CARROLLWOOD – Every few weeks Gary Dassatti loses friends to one of the most deadly diseases in the world.
There’s no known cure, at least not yet, but Dassatti, who lives in Cheval, is convinced there is an answer and he has been working tirelessly to prevent another death.
He’s lost some of his best friends to ALS, which most people know as Lou Gehrig’s disease. Gehrig, a Hall of Fame baseball player lost his life just two years after the end of his playing career back in 1939. The fast-moving disease basically disconnects the brain from the muscular system and the body slowly deteriorates.
For his part, Dassatti deems himself a “nag,” spending time on Facebook, using social media, and hosting events to bring awareness to the cause. He’s hosted several in the past year in the Carrollwood area, and is now going countywide with his Ride for a Cure bicycle ride, a fundraiser for the nonprofit Ride to Defeat ALS, early November. Right now he is concentrating on organizing two-mile walks throughout the state. He is hosting one on March 8 at the University of South Florida, as well as hosting his annual golf fundraiser at Cheval Golf Club in late July.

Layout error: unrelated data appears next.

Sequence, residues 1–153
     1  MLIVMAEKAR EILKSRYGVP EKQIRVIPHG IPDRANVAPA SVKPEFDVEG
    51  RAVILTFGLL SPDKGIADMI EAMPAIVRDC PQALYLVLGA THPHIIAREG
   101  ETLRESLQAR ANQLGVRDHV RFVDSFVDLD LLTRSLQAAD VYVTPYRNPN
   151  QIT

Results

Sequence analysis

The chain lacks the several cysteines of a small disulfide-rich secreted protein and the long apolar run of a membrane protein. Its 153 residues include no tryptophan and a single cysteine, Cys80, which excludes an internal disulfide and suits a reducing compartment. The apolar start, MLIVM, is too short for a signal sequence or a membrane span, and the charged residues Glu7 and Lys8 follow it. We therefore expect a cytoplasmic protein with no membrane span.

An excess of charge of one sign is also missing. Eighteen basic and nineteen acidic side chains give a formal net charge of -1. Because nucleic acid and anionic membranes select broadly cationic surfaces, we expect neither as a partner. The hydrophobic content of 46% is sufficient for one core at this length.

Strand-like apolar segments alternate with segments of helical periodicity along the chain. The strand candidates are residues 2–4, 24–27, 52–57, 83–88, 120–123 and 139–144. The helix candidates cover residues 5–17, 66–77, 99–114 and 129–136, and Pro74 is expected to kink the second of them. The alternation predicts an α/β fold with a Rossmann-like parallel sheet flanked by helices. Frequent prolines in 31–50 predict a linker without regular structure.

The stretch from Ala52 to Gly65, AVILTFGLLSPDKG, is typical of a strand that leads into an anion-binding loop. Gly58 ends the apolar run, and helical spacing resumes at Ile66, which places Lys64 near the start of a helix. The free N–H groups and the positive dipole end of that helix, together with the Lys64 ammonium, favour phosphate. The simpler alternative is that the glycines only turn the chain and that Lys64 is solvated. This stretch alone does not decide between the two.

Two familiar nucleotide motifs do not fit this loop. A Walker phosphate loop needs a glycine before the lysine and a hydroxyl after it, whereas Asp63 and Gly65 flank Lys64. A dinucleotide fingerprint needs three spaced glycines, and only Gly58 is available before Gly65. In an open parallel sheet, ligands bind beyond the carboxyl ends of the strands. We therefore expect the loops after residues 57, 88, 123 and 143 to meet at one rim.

Besides those events, Dassatti regularly hosts benefits at local restaurants. At 65, his goal is to add years to people’s lives who don’t have many left.
“When you get this disease, it is fatal,” Dassatti said. “If we can even find one more year for them, that’s worth it. We need everyone to help. No one deserves this fate. We have to find a cure.”
Maggie Nolen, regional development manager for the Walk to Defeat ALS Florida chapter, said that the organization is hoping to raise more than $175,000 with the walk. They have been sending out public service announcements and trying to get the word out.
“We are just trying to get people to know how important it is that we fight this,” Nolen said. “Gary does a great job for us and I know it will be a success.”
Alyssa Gutierrez, director of marketing, pointed out something few people know about ALS.
“Military veterans are twice as likely to get ALS,” she said. “The situation is that ALS is not incurable, it is just under funded. We need to find out why veterans are struggling with this disease. We can only find out through research.”
For more on the effort to fight ALS, email Gary Dassatti at [email protected]